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Research Papers: Gas Turbines: Controls, Diagnostics, and Instrumentation

Optimization of Aero Gas Turbine Maintenance Using Advanced Simulation and Diagnostic Methods

[+] Author and Article Information
Joern Kraft

Engine Overhaul Department,
Lufthansa Technik AG,
Weg beim Jäger 193,
Hamburg 22335, Germany
e-mail: Joern.Kraft@lht.dlh.de

Vishal Sethi

Department of Power and Propulsion,
Cranfield University,
Cranfield, Bedfordshire MK43 0AL, UK
e-mail: V.Sethi@cranfield.ac.uk

Riti Singh

Department of Power and Propulsion,
Cranfield University,
Cranfield, Bedfordshire MK43 0AL, UK
e-mail: R.Singh@cranfield.ac.uk

Contributed by the Controls, Diagnostics and Instrumentation Committee of ASME for publication in the JOURNAL OF ENGINEERING FOR GAS TURBINES AND POWER. Manuscript received May 7, 2013; final manuscript received March 31, 2014; published online May 16, 2014. Assoc. Editor: Allan Volponi.

J. Eng. Gas Turbines Power 136(11), 111601 (May 16, 2014) (10 pages) Paper No: GTP-13-1134; doi: 10.1115/1.4027356 History: Received May 07, 2013; Revised March 31, 2014

Engine maintenance costs are a major contributor to the direct operating costs of aircraft. Therefore, the minimization of engine maintenance costs per flight-hour is a key aspect for airlines to operate successfully under challenging market conditions. Minimization can be achieved by increasing the on-wing time or by reducing the shop-visit costs. Combining both provides optimum results and can only be achieved by thorough understanding of the engine. In the past, maintenance optimization was mainly an experience-based process. In this work, a novel analytical approach is presented to optimize the maintenance of commercial turbofan engines. A real engine fleet of more than 100 long-haul engines is used to demonstrate the application. The combination of advanced diagnostic and simulation methods with classical hardware-based failure analysis enables linking of overall engine performance with detailed hardware condition and, thus, an effective optimization of the overall maintenance process.

Copyright © 2014 by ASME
Topics: Maintenance , Engines
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References

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Figures

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Fig. 1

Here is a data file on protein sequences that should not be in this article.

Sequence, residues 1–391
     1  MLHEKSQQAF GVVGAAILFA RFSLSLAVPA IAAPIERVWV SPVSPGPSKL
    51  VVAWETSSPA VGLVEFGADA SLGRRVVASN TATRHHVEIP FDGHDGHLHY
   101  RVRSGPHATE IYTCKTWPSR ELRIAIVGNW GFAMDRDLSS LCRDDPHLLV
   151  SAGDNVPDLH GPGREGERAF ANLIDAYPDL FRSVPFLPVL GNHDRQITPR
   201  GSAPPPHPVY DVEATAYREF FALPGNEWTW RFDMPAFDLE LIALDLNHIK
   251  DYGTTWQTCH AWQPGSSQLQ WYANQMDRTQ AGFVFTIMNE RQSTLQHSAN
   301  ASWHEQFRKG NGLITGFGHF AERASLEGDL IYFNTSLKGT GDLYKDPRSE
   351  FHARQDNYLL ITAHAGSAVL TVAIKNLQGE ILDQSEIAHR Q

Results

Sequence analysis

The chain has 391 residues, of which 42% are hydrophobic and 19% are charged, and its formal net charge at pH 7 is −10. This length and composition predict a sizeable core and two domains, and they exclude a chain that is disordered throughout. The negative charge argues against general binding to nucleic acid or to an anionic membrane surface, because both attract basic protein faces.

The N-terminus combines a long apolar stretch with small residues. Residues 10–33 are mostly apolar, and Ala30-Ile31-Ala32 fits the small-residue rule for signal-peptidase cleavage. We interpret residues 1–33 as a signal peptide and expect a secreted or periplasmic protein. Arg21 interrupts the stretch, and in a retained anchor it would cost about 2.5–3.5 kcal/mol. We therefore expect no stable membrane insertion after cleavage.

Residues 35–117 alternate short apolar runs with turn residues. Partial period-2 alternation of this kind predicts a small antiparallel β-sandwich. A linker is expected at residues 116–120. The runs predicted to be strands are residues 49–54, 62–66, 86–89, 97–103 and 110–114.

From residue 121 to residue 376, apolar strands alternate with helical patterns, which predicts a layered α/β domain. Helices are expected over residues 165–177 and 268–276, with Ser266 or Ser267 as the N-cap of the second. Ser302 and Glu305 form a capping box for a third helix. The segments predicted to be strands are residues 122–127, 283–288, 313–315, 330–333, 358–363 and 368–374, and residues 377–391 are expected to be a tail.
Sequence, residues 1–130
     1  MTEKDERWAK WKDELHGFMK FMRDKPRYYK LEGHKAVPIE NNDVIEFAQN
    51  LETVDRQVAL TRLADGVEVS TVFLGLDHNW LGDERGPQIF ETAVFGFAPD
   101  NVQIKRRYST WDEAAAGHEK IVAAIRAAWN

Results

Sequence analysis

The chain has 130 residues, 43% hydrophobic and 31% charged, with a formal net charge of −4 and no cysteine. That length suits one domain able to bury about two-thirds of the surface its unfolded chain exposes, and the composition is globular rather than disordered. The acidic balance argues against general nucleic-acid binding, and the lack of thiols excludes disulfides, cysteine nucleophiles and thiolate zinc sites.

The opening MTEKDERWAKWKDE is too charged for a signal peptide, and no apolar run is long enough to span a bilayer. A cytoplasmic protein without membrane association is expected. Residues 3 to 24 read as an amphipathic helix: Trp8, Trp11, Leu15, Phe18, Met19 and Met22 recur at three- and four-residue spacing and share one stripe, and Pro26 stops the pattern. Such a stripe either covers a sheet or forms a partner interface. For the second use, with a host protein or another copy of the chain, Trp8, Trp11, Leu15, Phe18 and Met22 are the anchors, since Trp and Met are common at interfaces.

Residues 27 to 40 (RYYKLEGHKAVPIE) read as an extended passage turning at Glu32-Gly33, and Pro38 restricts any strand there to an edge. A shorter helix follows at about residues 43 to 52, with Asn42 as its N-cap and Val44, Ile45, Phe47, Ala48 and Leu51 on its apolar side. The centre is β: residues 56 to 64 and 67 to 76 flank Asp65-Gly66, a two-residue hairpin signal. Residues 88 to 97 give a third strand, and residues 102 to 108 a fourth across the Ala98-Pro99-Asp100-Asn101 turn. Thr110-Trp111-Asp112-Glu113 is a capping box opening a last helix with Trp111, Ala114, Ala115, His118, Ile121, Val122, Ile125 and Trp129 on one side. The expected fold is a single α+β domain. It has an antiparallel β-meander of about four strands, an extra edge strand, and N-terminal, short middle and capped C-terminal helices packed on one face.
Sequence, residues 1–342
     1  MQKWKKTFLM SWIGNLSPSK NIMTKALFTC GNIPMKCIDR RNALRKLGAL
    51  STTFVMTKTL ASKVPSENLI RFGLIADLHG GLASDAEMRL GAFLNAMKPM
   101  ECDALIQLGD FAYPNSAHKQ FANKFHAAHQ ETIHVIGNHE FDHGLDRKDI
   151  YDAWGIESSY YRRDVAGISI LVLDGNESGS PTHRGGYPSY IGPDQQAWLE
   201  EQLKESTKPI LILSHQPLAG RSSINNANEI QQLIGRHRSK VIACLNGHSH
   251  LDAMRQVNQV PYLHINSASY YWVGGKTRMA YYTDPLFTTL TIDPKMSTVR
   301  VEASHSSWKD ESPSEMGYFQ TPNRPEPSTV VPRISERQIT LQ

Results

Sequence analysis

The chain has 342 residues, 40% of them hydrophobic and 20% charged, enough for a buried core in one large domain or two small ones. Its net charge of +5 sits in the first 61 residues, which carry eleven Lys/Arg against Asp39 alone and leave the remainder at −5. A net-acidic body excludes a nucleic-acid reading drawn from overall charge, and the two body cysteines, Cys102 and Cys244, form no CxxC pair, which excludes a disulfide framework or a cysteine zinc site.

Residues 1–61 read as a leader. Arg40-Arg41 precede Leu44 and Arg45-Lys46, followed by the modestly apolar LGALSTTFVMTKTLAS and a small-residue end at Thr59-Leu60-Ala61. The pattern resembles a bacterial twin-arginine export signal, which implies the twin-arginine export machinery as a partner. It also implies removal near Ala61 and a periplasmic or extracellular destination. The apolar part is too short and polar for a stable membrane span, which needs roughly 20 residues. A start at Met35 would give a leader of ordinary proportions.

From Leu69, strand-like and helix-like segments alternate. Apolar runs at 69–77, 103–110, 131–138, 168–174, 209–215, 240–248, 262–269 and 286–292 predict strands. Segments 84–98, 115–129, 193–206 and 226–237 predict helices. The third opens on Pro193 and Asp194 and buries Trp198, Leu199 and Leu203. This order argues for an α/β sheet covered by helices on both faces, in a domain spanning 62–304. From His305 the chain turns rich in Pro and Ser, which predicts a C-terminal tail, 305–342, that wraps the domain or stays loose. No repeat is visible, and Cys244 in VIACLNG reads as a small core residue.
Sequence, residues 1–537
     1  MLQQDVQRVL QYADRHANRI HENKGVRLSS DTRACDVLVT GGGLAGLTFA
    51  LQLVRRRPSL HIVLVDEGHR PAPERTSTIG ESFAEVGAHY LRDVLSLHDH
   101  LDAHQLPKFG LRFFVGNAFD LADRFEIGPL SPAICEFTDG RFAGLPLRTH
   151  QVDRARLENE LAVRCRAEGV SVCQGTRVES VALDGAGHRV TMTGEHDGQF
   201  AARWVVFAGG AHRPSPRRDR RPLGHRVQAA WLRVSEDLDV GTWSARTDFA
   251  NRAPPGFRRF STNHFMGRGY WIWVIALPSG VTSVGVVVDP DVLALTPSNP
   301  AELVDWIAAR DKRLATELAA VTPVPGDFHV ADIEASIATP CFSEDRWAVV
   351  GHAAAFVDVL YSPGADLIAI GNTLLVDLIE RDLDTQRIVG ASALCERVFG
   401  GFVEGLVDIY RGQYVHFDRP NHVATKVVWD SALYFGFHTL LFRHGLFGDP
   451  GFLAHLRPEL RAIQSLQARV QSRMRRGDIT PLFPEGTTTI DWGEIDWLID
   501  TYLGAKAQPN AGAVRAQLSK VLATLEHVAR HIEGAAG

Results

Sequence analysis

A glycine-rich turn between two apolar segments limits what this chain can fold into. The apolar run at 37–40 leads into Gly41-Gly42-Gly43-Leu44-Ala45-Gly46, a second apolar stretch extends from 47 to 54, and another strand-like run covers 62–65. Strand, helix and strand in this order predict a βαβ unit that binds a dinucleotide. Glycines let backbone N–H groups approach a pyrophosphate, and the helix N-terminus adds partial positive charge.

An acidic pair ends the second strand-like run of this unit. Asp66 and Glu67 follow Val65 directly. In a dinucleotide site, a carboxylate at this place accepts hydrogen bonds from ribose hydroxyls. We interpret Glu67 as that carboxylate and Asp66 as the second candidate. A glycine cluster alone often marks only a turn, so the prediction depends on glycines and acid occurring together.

Thermodynamic zooming model of the engine

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Fig. 2

Evaluations of parts-performance contribution

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Fig. 3

HPC modifier measured on engines A to F plotted in fault-influence-diagram

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Fig. 4

HPC blade tip-rub (curling): mid stages of engine F

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Fig. 5

HPC blade leading edge blunting: forward stages, engine C, left: overview, right-upper: LE cross section, right-lower: micrograph LE

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Fig. 6

Corrected δ engine EGT versus test-cell LPT exit temperature T55

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Fig. 7

Analysis results of engine A analysis run 1 and run 2

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Fig. 8

Process of work-scope prediction and selection

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Fig. 10

Predicted (minimum and average performance restoration) and actual effect of work scope on module parameters

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Fig. 11

Comparison of analysis results for run 2 and run 3

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Fig. 9

Predicted (minimum and average performance restoration) and actual effect of work scope on engine main parameters

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Fig. 12

Improved predicted and actual effect of work scope on engine main parameters (original prediction for comparison)

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Fig. 13

Improved predicted and actual effect of work scope on module parameters (original prediction for comparison)

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Fig. 14

Comparison of EGT-margin pre and post improvements initiated by the project

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Fig. 15

On-wing EGT-margin trend for pre and post new maintenance concept engines

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